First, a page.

Reporter- Speaks for the group during the discussion. Uses phrases such as: We decided this because of ________, We
were wondering ______, what do you guys (the whole class) think?
Recorder Keeps track of lingering questions that were not answered and brings them up within the group to ensure no one is
left behind.checks to be sure that ideas are clear and accurate.Asks Questions such as: We forgot about this question, what do
you guys think? What if we followed through with ____ &______s idea?

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In doing these group roles, we hope to see more participation amongst the students. During the last lesson study, we noticed that there
was one group that was led by one student and another group that worked solely on their calculators. We were not able to fully
explore what every member in those groups were thinking due to those circumstances. For this lesson study, we hope to change that.
We are implementing a resource manager as to limit the use of calculators and not having work written down. As for the other roles,
the are in place to keep everyone in the group accountable for each other and engaged throughout the entire lesson.
Lesson Activities
(Attach any handouts you will use)

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Lesson

Students are working


(details about how students are
configured, what work they are
doing and how they are recording
their work)

Launch

Configuration:
Students will be placed in groups
of 5. The lead teacher will make
these groupings. These groups
will have a mixture of students
with varying math levels.
However, the goal of the seating
will be to help every student learn
for the other. And this will allow
students to work with students
they dont normally talk to.
Materials Distribution:
Each group will receive a large
sheet of grid chart paper with the
task attached. In addition to that,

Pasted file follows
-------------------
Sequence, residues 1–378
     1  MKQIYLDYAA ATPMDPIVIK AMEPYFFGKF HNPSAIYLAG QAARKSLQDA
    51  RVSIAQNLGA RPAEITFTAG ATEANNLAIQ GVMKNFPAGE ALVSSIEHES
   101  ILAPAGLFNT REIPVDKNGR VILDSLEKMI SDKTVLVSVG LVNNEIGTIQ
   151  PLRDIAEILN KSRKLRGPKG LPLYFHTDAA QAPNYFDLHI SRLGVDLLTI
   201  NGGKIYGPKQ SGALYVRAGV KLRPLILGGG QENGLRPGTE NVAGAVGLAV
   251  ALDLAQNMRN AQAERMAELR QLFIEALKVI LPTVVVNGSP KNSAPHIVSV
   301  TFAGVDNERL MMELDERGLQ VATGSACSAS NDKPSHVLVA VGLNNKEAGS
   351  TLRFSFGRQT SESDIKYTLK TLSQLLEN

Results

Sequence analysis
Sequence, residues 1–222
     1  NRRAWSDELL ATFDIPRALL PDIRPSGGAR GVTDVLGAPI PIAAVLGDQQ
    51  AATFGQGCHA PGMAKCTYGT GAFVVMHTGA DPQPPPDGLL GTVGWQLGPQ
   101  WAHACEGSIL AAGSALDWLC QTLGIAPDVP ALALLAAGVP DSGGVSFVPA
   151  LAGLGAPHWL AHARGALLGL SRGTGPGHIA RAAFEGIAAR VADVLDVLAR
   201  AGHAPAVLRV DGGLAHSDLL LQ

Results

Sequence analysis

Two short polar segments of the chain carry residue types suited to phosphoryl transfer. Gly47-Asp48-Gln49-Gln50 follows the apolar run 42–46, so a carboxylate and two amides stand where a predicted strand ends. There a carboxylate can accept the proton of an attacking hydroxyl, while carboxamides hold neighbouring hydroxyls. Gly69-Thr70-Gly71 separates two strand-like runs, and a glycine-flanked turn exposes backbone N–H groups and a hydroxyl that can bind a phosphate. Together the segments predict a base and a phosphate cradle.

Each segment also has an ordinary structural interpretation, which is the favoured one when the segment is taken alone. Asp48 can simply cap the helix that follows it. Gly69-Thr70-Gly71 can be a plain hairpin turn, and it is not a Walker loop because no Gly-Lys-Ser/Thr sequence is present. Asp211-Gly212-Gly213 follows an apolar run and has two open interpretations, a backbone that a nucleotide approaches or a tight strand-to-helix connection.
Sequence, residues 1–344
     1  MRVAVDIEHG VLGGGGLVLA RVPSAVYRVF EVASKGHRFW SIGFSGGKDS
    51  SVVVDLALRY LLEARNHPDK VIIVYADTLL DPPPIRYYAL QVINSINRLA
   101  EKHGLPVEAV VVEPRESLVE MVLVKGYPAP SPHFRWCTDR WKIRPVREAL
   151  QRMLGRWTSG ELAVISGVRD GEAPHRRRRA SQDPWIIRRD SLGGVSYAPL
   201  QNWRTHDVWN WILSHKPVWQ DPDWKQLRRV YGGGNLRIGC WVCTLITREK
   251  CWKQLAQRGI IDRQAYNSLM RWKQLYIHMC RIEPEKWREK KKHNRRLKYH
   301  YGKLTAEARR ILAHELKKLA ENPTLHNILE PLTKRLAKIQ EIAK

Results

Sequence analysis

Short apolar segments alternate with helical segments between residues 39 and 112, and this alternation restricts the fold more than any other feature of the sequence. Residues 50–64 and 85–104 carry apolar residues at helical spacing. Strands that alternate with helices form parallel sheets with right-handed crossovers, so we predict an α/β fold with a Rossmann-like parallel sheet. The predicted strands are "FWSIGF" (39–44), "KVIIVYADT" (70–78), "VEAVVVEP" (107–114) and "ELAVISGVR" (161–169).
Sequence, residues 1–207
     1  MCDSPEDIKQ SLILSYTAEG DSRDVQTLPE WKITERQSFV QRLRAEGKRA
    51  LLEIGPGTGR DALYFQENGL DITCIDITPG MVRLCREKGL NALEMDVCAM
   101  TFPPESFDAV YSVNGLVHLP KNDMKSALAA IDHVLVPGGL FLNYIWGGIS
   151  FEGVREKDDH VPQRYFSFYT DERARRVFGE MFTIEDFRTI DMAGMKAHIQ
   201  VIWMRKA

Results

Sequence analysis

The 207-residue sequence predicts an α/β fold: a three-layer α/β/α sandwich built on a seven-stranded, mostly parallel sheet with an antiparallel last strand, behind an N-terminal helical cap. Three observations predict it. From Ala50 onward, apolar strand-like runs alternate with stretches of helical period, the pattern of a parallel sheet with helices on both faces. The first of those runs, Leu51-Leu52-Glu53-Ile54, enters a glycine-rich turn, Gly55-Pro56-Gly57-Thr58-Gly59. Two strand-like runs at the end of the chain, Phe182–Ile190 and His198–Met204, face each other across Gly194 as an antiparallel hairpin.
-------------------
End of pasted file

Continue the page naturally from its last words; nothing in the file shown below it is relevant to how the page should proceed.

each member in the group will
have different colors pencil so it

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Anticipated Student
Thinking/Questions

Students will most likely be


upset to know that they cannot
talk during this task. To remedy
this, it would be good to
reassure them that this is a good
opportunity to see how their
peers think. It would also be
good to point out that spelling is
not the purpose of this activity.
The main goal is to see HOW
everyone thinks.
What if I dont understand the
question?
"What if I don't spell something
right?"

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Teacher Moves

Have the students revoice the


directions so we know they
understand and hear the
instructions in a different way.
Activate prior knowledge in
terms of content. I will ask the
students several question and
some include identifying the
shape of the graphs based on the
equation,
If we have a
linear equation what
does that look like?
How about a
quadratic? Can you show
me with your hands?
And what about
absolute value? Is it a

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is easy to identify their work.

What if someone isn't


participating in my group?

Class Expectation:
The room is to be completely
"What if we need help?"
silent and students are expected to
write out their thinking as much
"So we're graphing?"
as possible. This activity will
continue to use our classroom
"Can we use the calculator?"
norms of everyone participating
and being heard in their groups.
The lead teacher expects to see
everyones color on the paper.
This activity will continue our
previous discussion of solving by
graphing.
Instructions:
The lead teacher will have a
student read the questions given
on the task card. Then, the